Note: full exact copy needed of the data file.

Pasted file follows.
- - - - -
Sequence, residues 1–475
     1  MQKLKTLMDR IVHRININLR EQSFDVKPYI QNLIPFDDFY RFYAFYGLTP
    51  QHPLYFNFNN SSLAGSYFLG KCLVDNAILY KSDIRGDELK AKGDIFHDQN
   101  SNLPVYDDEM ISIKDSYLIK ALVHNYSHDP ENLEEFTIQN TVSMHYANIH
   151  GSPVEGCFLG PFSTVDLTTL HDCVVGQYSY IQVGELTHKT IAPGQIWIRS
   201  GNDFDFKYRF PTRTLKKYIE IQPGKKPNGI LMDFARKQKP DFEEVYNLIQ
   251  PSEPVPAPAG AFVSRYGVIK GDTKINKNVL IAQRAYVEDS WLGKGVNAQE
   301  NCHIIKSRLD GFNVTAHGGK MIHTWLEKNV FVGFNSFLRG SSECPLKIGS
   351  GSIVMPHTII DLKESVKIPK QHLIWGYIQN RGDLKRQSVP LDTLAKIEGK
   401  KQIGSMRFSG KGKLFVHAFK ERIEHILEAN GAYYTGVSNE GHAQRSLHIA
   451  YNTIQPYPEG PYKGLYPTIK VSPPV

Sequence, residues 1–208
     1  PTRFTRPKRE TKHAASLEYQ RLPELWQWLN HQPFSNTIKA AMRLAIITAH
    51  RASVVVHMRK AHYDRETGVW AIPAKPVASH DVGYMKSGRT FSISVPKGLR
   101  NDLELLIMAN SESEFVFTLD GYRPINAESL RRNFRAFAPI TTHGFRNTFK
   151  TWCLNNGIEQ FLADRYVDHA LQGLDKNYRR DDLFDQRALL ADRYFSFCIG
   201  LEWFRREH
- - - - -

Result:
Sequence, residues 1–475
     1  MQKLKTLMDR IVHRININLR EQSFDVKPYI QNLIPFDDFY RFYAFYGLTP
    51  QHPLYFNFNN SSLAGSYFLG KCLVDNAILY KSDIRGDELK AKGDIFHDQN
   101  SNLPVYDDEM ISIKDSYLIK ALVHNYSHDP ENLEEFTIQN TVSMHYANIH
   151  GSPVEGCFLG PFSTVDLTTL HDCVVGQYSY IQVGELTHKT IAPGQIWIRS
   201  GNDFDFKYRF PTRTLKKYIE IQPGKKPNGI LMDFARKQKP DFEEVYNLIQ
   251  PSEPVPAPAG AFVSRYGVIK GDTKINKNVL IAQRAYVEDS WLGKGVNAQE
   301  NCHIIKSRLD GFNVTAHGGK MIHTWLEKNV FVGFNSFLRG SSECPLKIGS
   351  GSIVMPHTII DLKESVKIPK QHLIWGYIQN RGDLKRQSVP LDTLAKIEGK
   401  KQIGSMRFSG KGKLFVHAFK ERIEHILEAN GAYYTGVSNE GHAQRSLHIA
   451  YNTIQPYPEG PYKGLYPTIK VSPPV

Sequence, residues 1–208
     1  PTRFTRPKRE TKHAASLEYQ RLPELWQWLN HQPFSNTIKA AMRLAIITAH
    51  RASVVVHMRK AHYDRETGVW AIPAKPVASH DVGYMKSGRT FSISVPKGLR
   101  NDLELLIMAN SESEFVFTLD GYRPINAESL RRNFRAFAPI TTHGFRNTFK
   151  TWCLNNGIEQ FLADRYVDHA LQGLDKNYRR DDLFDQRALL ADRYFSFCIG
   201  LEWFRREH